Stance is down to basic technique and comfort. The stance you use will be a personal thing for you. I have found many photogs have to relearn their stance after many years of a poor stance. It is best to learn a good one early. Here is my recommendation: Simple tips for a good stance

The use of tripods or other supports is a wide subject. It is also one that many learners tend to ignore- at least at first. When learning how to take photos sharpness is vital. Become acquainted with a tripod (preferably a good one) as early as you can. Your images will improve a huge amount. Here is some advice about tripods:

And, here is some basic advice about improving sharpness overall – The Zen of sharpness – 12 easy ways to improve

How to take photos – 15 second check

OK, that may seem like a long time. However, it is actually the time you need. You can get faster at it, but if you are taking a serious attitude to your shot then give it the time. You can find out all about the the 15 second check by reading these in order:

  1. An old sailors trick to improve your photography
  2. The fifteen second landscape appraisal
How to take photos – “Click”

This is where you press the shutter button. How you press that button can make a difference to your sharpness. Earlier, I mentioned this link, Simple tips for a good stance. It also gives advice on pushing the button without affecting sharpness.

An essential element of your shot is about confidence in what you have done. Today we are lucky. We just look at the back of our camera. Your first “click” may be a test shot. If your settings need adjustment then a simple technique called “Chimping” will help. Chimp and adjust. You will only need to do it a few times to get the shot right. You will not need to machine-gun the site with hundreds of “just in case” shots.

How to take photos – Work the scene

Chimping helps you set up for the shot and compose it. To get other possible shots you visualised earlier, you should work the scene. Repeat all the steps you have just done for each of the shots you foresaw. Working the scene is a skill and takes practice.

How to take photos – Time line

What is not obvious from the diagram is that the diagonal arrow is also a time-line of the shot. Of course it is a different length for every shot. You will have different problems to solve and ideas to consider for every shot. That’s fine. You have just learned a more careful, precise method for how to take photos. As you practice will quickly get faster at taking shots. But you will also make better images.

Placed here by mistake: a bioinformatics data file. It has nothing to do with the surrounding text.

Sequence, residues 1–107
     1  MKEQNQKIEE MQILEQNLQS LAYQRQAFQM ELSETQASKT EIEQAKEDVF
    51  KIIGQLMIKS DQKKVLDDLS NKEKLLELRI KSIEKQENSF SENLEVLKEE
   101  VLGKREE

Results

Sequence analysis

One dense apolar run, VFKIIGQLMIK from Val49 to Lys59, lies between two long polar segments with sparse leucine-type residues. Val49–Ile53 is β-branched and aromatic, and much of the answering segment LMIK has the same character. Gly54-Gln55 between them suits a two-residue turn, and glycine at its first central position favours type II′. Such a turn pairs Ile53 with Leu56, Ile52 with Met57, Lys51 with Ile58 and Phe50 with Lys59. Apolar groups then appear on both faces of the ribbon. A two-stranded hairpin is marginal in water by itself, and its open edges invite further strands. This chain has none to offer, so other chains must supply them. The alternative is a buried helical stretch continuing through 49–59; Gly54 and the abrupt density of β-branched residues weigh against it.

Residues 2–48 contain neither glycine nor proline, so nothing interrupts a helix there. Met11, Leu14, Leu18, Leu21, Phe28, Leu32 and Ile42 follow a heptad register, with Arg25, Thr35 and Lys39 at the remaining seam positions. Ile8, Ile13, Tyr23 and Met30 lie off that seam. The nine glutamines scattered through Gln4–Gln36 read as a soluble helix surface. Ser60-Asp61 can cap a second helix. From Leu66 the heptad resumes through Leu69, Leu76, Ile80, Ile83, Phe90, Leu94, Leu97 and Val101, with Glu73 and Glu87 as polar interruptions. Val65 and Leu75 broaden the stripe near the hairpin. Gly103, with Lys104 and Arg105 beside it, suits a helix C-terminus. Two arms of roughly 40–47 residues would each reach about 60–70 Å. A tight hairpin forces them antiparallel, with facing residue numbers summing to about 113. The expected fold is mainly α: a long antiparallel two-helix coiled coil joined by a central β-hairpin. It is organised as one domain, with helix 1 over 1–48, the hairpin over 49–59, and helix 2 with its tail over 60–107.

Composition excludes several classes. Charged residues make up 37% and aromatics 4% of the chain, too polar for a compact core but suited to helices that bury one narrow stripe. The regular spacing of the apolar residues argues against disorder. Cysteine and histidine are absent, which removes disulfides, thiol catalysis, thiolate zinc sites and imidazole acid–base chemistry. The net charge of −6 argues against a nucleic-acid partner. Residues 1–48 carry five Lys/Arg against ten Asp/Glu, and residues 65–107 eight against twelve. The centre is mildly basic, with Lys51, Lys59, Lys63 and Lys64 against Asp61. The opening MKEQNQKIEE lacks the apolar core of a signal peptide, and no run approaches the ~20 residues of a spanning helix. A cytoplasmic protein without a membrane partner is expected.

A promise

I can guarantee that if you follow the steps on this page you will…

  • Take less shots;
  • Get a better hit-rate (more usable shots per shoot);
  • Spend less time in post-processing;
  • Have better composition;
  • Improve your photography overall.

What is less obvious is that you will also save a lot of time.

By Damon Guy (author and Photokonnexion editor)

Damon Guy - Netkonnexion

Damon Guy (Netkonnexion)

Damon is a writer-photog and editor of this site. He has run some major websites, a computing department and a digital image library. He started out as a trained teacher and now runs training for digital photogs.
See also: Editors ‘Bio’.
By Damon Guy see his profile on Google+.

Easy introduction to ‘visual elements’ in photographs

Look into your photograph, past it’s content.

See it’s composition and you are suddenly able to break your picture down into its component parts. Understanding individual visual elements in an image can help you to capture the eye of the viewer. It’s these elements that make the eye work to absorb the content of an image.

What are the ‘Visual Elements’?

We make sense of the world by building a picture of it in our heads. We recognise objects in our environment because our eye/brain system is able to see/analyse the edges, contrasts, light/shadow/dark, colours and perspectives we see on and between them. Our ability to analyse these patterns gives us an understanding of the world we see.

To make a picture photographers look for strong visual elements through the lens. Then we strive to use them for the picture. A great deal of the creative work in photography is to remove content that doesn’t contribute to the point of an image. So we seek a point of view that isolates what we want to show.